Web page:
GENTLEMAN FARMERS 4: FRANK C. RATHJE, CHICAGO BANKER

When Frank Rathje bought farm property in Schaumburg Township, one of his reasons must have been to indulge his love of Percheron draft horses.  It was on his farm on the northeast corner of the intersection of Plum Grove Road and Golf Road that his International Grand Champions were raised.

Mr. Rathje lived on Lake Shore Drive in Chicago and was a well known banker locally and nationally.  In 1917 he started the Mutual National Bank and, from 1926 forward also served as president of the Chicago City Bank and Trust Company.  During these tenures he served as president of the American Bankers Association and the Illinois Bankers Association.  He was so successful that it was noted in his February 25, 1967 obituary in the Chicago Tribune that “his two banks during the bank moratorium of 1933 were among the few in Chicago outside the Loop to receive federal permission allowing them to open immediately at the end of the moratorium.”

It was in 1930 that Mr. Rathje agreed to purchase the farm from Charles Quindel in Schaumburg Township as a second home.  He made his first mortgage payment for the property on June 16, 1930 and, by January 26, 1932, the property’s title fully reverted to him from Quindel.  Because he grew up on a farm near Turner Pond in Roselle, he was familiar with and attached to this area.  In fact, his parents are buried in Bloomingdale Township Cemetery.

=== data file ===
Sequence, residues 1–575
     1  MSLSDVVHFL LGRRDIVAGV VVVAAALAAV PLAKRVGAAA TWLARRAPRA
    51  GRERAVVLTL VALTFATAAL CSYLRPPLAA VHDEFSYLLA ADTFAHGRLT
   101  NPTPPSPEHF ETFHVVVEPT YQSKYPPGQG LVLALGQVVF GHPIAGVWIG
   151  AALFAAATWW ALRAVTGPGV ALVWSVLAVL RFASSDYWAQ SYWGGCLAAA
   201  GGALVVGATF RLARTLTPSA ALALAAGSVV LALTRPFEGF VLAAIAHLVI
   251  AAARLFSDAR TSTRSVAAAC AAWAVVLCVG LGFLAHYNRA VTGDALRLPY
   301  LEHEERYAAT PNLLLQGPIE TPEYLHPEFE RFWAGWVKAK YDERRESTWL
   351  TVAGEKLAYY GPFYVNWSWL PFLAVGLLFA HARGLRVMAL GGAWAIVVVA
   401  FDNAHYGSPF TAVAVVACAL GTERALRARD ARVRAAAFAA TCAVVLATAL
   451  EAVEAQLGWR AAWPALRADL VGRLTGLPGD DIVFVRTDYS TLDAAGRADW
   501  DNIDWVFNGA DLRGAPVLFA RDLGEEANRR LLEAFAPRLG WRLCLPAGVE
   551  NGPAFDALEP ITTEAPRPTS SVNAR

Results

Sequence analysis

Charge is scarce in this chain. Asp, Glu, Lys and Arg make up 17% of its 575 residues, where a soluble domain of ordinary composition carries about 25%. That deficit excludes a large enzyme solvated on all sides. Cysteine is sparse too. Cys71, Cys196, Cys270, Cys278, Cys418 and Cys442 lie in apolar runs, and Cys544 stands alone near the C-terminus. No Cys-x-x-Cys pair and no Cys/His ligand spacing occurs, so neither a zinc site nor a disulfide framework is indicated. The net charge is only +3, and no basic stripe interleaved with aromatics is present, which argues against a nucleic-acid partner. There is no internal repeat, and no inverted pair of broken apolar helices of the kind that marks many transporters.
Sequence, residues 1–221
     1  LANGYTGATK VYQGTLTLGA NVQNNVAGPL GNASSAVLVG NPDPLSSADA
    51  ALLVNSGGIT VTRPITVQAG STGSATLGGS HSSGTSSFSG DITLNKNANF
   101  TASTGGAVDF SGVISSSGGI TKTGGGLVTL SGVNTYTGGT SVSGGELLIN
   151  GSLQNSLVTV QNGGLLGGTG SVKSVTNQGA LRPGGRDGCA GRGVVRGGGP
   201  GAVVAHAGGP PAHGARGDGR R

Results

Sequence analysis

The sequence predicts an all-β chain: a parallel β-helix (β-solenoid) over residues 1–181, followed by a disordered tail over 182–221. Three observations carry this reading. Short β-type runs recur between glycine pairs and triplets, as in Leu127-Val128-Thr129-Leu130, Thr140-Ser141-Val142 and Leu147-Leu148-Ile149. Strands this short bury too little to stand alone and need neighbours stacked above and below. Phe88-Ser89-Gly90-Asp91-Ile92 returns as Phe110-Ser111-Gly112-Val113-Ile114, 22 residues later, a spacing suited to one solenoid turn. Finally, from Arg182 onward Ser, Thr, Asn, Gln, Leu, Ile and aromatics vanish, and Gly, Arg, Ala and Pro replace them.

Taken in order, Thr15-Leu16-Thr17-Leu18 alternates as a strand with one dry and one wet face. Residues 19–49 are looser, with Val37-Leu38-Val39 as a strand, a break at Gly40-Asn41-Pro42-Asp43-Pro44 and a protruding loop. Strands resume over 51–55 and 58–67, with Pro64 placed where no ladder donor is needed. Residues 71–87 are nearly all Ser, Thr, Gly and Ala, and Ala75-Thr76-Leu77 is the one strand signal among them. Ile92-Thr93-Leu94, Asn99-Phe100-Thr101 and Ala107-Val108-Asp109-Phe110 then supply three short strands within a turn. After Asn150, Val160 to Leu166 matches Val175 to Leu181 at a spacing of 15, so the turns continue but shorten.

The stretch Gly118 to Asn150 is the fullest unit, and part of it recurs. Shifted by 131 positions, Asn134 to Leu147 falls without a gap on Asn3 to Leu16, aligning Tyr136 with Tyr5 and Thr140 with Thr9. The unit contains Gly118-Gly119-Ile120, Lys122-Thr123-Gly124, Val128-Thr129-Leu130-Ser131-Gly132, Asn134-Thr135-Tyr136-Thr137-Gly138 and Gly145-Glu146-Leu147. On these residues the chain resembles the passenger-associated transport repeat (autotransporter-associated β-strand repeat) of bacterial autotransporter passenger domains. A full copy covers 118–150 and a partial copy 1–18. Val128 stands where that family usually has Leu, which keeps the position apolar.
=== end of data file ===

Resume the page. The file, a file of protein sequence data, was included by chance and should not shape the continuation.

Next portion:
As he began showing Percherons raised on this farm, they were  consistently beat by those shown by a gentleman named Paul Engler.  So, according to Mr. Engler’s son, Bill, he did the smart thing and hired his father.  Paul Engler and his wife Nellie then moved to the area in 1941 to manage the farm until Mr. Engler’s death in 1964. 

By Bill Engler’s account, the farm was always a working farm of around 200 acres.  “It consisted of several beautiful red farm buildings with two silos situated on the sides of the main barn.  The other barns were two horse barns, a couple of chicken barns, a hog barn, a very large corn crib and a grainery for the wheat and oats.  There was a very large board white fence that ran along the edge of the property closest to the houses…  Crops grown on the farm were used to feed the horses, cattle, hogs and chickens that were raised there…  Our horse barn was exceptionally nice.  It had great stalls.  As one entered the barn on the right, you saw a trophy room where all the ribbons and pictures of the International Champions were kept.  There were lots and lots of ribbons.”  There were also two houses on the property—one for the Englers and one for the Rathjes when they came to stay.